JD: I can’t really compare now with before, because when we launched ARC in 2003 the web was already very much part of selling music. But it’s challenging to sell records, certainly, and thrilling when you manage it.
CC: Do you have an opinion on the recent debate over whether or not indies should be licensing their music to services like Spotify? Some smaller labels seem to think the royalties are too low, and that being on subscription-based all-you-can eat platforms has a negative impact on conventional iTunes-style download sales.
JD: I think Spotify, or something similar, has to work as an alternative to file-sharing or else this business may be fucked, which is why I’m trying to have faith in it. Though until recently Spotify payments were a joke, and so our stuff wasn’t on there. Then they changed the rules, and now that usage is more limited and payment to labels has improved, I’ve decided to try it out. I don’t let other reports on this kind of thing sway me too much – often the authors of them have an agenda – we’ll see how it goes for our own artists. I do like that, conceptually, and as an experience, Spotify and the Independent Label Market are about as far away from each other as you can get, but that they could both co-exist happily and be a good thing for music consumers and musicians.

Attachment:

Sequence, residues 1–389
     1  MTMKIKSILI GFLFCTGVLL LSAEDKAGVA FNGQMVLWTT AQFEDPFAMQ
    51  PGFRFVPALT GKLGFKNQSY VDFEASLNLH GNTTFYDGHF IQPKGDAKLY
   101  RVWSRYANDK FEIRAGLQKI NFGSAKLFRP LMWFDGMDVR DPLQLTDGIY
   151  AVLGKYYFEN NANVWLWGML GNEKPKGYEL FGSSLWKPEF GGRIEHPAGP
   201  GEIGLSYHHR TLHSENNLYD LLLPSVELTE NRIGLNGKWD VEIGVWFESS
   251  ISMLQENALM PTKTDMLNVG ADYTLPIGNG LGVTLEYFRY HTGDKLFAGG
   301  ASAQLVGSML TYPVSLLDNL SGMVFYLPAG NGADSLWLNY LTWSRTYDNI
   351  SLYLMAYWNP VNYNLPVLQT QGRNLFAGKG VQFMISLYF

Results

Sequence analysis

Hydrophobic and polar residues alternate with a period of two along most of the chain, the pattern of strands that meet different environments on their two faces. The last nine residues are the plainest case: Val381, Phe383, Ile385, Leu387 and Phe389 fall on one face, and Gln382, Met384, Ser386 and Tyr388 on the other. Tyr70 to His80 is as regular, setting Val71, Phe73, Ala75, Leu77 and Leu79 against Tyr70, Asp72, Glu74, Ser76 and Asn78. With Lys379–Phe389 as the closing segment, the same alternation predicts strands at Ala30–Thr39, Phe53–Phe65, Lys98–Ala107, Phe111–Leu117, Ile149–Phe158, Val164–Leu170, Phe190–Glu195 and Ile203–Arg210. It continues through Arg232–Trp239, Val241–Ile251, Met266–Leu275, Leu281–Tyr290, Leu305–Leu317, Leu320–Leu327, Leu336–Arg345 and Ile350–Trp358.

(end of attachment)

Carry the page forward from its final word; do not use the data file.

CC: Do you think events like the Label Market prove that – despite the boom in digital – there is still a place for physical product, especially in the indie label space?
JD: Of course there is. Everyone likes a record.
CC: You staged an Independent Label Market in Brooklyn too. How did that come about?
JD: It just seemed like the next logical step. It happened in a similar way to the original London event on Berwick Street – I asked around some labels, everyone was keen, and so one thing led to another.
CC: Do you have ambitions to take the Market to other cities or countries?
JD: Yes. It would work in any city that has a rich musical history and record labels which represent that.
CC: While you’ll be there to sell, obviously, is their anything the other labels are likely to be selling at next month’s Label Market that might persuade you to do some buying too?
JD: It’s always the craft type things on sale that are the most fun – home made mixtapes, home baked mp3 cakes etc. I’ll be looking for mulled wine with a download code at the bottom of the glass. Also, Sonic Cathedral are releasing an incredible new record by Fairewell that week; people should look out for it.